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Discussion Starter · #1 ·
I talked to my GP about this feeling of poor concentration and confusion. I guess it is what everyone calls brain fog. She informed me it was a natural thought process when dealing with a chronic disease. You’re always in thought mode about your disease and everything else is secondary thus causing poor concentration and confusion.

Fine, fair enough, that sounds realistic, I think. Is it the real reason for the poor concentration and confusion, who knows? However, it is very real to us and quite frustrating. Now I ask you, do we all spend all day worrying about our disease, I guess we must and then forget that we do! I don't know about any of you but I have a diary that is marked up with reminders to do. It is a good way of keeping tract of important things to remember, that is if it works! I seem to spend most of my waking hours looking for the stupid thing! But not to worry! I have pads of paper in every room that I write notes to remember with dates as not to forget what I need to do! Maybe I should use these note pads to start a treasure hunt, winning prize, my lost diary.

I guess there is a medical reason for ever single complaint we have, there has to be as far as our doctors are concerned. I personally think that doctors who treat conditions and offer advice should suffer from that disease to actually have empathy and understanding! I once worked with a doctor who wrote a prescription for co-codamol 30 mg or what the US would call darvocet for a patient who is suffering from an obstruction due to a kidney stone. Now, I have passed over 30 kidney stones and I looked at this doctor and asked, have you ever had a kidney stone? I didn’t think he had because that dose of pain medication is a joke, morphine sometimes doesn’t resolve the pain. Now this situation only emphasizes that doctors need to suffer from the condition they are treating to truly understand and show some form of empathy and realize that every complaint doesn’t necessarily need to have a medical reason behind it, it is just a symptom of a nasty, nasty disease that us lupus patients have to deal with very day of our lives.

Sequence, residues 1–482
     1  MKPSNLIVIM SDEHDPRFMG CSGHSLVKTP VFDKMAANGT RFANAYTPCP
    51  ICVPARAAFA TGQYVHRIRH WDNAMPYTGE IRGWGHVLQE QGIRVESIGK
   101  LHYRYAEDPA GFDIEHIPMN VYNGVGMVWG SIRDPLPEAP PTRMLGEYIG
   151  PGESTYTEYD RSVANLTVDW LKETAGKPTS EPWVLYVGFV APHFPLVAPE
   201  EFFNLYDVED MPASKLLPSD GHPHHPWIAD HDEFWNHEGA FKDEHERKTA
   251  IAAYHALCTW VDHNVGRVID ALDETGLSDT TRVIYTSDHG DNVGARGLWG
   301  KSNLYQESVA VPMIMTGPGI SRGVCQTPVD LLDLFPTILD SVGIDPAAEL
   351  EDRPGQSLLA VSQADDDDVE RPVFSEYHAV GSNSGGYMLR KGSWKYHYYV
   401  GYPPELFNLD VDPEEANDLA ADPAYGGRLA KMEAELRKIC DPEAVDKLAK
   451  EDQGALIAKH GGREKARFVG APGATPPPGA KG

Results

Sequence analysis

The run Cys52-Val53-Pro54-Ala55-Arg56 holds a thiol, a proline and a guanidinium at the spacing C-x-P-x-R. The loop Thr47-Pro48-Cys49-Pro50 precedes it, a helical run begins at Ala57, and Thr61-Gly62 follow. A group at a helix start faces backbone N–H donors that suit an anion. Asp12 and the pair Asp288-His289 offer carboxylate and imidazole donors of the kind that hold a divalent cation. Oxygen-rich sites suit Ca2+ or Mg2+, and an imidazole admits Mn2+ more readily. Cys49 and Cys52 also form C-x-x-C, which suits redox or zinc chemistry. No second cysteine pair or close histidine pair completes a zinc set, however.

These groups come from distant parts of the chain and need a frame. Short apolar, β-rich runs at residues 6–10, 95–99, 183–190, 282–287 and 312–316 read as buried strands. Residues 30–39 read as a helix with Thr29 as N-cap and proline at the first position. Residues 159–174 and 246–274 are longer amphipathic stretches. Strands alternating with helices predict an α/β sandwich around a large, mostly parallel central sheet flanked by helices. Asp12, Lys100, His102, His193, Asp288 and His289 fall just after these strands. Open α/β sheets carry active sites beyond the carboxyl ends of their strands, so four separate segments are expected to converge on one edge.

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I totally agree with everything you just said!! luckily i have a great gp and rheumy now but it hasnt always been that way!! some gp's just make stuff up when they have no clue about the real reason!! i explained to my rheumy about the lack of concentration/confusion stuff and he sent me straight for lots of tests. perhaps you should tell your consultant not your gp...in my experience gps arent that clever!! there could be a very real reason for your brain fog and to dismiss it as something thats in your head is just irresposible! poor you...go tell your rheumy(or whoever your lupus doc is) and im sure they will react differently xxxxxxxxxxxxxxxxxxxxxxxxxxxxxxxxxxxxxxxx ps the treasure hunt sounds great haha
 

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Discussion Starter · #3 ·
some specialists are that understanding

Mooks,

Talk to my rhuemy, that is if she was understanding! She informed me on my last visit if I was less angry then I would have better pain control. Let her walk a mile in my shoes and then tell me that!! Doctors need to understand that not all people with chronic diseases has only that to worry about. We have lives and as with everyone we also have personal issues to deal with like everyone else that is not suffering with chronic diseases. We are people too, not a disease or a condition!
 

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Right on Mooks! I was getting brain fogs way before I even knew I was displaying sle symptoms so don't see how my sub-con could've been working overtime!! As for kidney stones... I had laser treatment years ago for one - I have never in my life known such pain! I've had a broken jaw and foot surgery which paled in comparison to the pain of such a little bugga!

As for treasure hunts, I consider it a major accomplishment just to eventually find my lip ice in my handbag without forgeting what I'm looking for!

X T X:)
 

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Hello Stacilee,

Brain fog or cognitive problems are a well known and scientifically recognised symptom of lupus which can be more or less severe depending on how one is affected.

Below, just one link which I quickly googled:

http://www.lupusresearchinstitute.org/lrinewsdetails.php?cognitive

Obviously, for some people, brain fog can be brought about or made worse by tiredness. Many of us may not have truly slept well for months or even years. We toss and turn, can't get comfortable or are even in a lot of pain.

My cognitive problems have significantly improved (although not gone) since getting the disease as a whole more under control.

I don't know about other people but I certainly do not spend my life thinking about my disease - what a daft comment - I have so many other things in life to think about and to enjoy!

I also agree that I had pretty severe cognitive problems years before diagnosis.

And by the way, if my GP ever said anything quite as stupid I would floor him!
Katharine
 

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Thanks for posting this, you've reminded me that I wanted to tell my Rheumy when I see her next week that my concentration and brain fog have improved when I cut down on my Topamax (I haven't cut down much because I want to talk to her first). Wonder how your GP would explain that one away? Is it because I'm not worrying about the drug as much? :rotfl:

(Not that its taking care of all of it, just some of the worst of the fog.)
 

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Katherine, thank you very much for that link. I just read it,
and it really took a big load off of my mind. Everyone should read it.
 
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